The New Year started quietly, but children are resilient and by the 3rd, they were enthusiastic to head to Dudhsagar plantation. I have been going to Goa regularly, since 1973. I had made one trip to see the Dudhsagar falls in one of those early trips. After that I have crossed the mountains of Goa many a time by bus and on a few occasions by train, in the days when we travelled back and forth by land. In the last few years we fly in and out and the mountains get forgotten in the charm of the ocean. This time, I decided that the mountains needed some attention. And so I had found this small farm stay and booked a short stay.
A short 90′ drive took us to the destination, which is tucked away in a quiet corner of the state, the nearest towns of Sanverdem and Mollem being 15-20 KM away. The family which runs the place have converted their family property into a small facility with a few independent huts of variable sizes. We had one with 3 beds, and the amenities were clean and basic – but no A/C or room service for the picky types. The lounge area was an open hut (am not sure what happens in hotter times!) with basic seating and 24hr free wi-fi! There was no Airtel tower anywhere in the vicinity and so I was totally out of phone contact. Of course with wi-fi, there is always WhatsApp!! The food was basic and tasty as all ingredients were local and fresh.
So what did we do for 48 hrs? We walked the local walking trail, which had us wade across the Dudhsagar River both ways.
The 7-8 Km walk took us past a couple of local villages, and we got a small glimpse of the local life. The community is mainly agricultural and beside the paddy cultivation, cash crops such as betelnut, coconut and cashew are part of every house. We passed the local government primary school, a fairly new and nice building where the children were running out for their mid-morning break. I walked in and talked to the 2 young lady teachers – there are 40 odd students upto class 4. The children were all in neat uniforms and were too shy to talk, but smiled broadly.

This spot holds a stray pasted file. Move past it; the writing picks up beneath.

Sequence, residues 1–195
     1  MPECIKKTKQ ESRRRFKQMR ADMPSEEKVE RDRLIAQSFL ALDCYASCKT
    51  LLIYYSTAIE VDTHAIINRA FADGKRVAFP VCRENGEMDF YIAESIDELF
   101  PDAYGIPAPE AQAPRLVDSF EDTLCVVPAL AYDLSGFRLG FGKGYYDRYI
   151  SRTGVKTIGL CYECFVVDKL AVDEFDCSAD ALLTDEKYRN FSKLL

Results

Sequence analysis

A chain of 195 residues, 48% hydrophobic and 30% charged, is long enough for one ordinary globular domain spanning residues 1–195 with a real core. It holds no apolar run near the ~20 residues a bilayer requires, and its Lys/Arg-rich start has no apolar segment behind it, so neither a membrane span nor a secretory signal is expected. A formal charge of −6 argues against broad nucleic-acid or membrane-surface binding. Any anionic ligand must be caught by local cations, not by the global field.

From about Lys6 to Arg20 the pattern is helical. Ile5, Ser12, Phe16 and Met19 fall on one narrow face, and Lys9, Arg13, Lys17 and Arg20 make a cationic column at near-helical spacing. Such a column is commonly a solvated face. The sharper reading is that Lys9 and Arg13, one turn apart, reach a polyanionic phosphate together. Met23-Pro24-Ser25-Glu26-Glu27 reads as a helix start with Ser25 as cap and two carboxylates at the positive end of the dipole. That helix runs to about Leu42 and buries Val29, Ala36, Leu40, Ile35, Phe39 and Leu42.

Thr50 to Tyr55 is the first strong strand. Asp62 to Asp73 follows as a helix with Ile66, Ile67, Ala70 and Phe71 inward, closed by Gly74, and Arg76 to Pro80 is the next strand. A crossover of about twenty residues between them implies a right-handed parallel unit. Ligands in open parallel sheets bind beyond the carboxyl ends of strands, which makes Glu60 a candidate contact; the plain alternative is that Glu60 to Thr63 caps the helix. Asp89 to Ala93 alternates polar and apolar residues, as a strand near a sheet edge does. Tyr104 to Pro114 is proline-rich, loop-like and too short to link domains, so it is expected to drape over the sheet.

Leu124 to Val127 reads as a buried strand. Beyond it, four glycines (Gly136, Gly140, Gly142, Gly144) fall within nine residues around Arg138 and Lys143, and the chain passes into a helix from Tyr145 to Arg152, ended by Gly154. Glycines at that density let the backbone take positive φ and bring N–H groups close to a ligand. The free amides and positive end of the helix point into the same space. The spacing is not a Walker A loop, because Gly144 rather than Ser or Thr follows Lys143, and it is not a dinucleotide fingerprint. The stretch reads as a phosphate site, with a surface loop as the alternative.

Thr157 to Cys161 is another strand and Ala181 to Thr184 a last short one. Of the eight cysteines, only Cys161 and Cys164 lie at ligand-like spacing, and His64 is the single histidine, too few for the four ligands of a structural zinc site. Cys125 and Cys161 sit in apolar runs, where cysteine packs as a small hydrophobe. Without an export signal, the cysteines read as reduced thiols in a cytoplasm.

We explored the plantation which had coconut and betel palms, but also had pepper vines creeping on the betel palms and vanilla and nutmeg trees. There were 10 cows and the kids watched the milking. They also made friends with the dogs (two of them accompanied us on out walk), and did not want to come away from the 2 little kittens.
There were 2 young girls who did the cooking, serving and looking after the other needs of the the residents. Both were Hindi speaking and came from Jharkhand. The other staff were also mostly from Jharkhand, with no local workers at all. The Eastern states of the country, seem to be providing the labour force for most of the country.
It was a real quiet retreat, with 100% pure air (an important point for us Gurgaonites), and it was a good get away!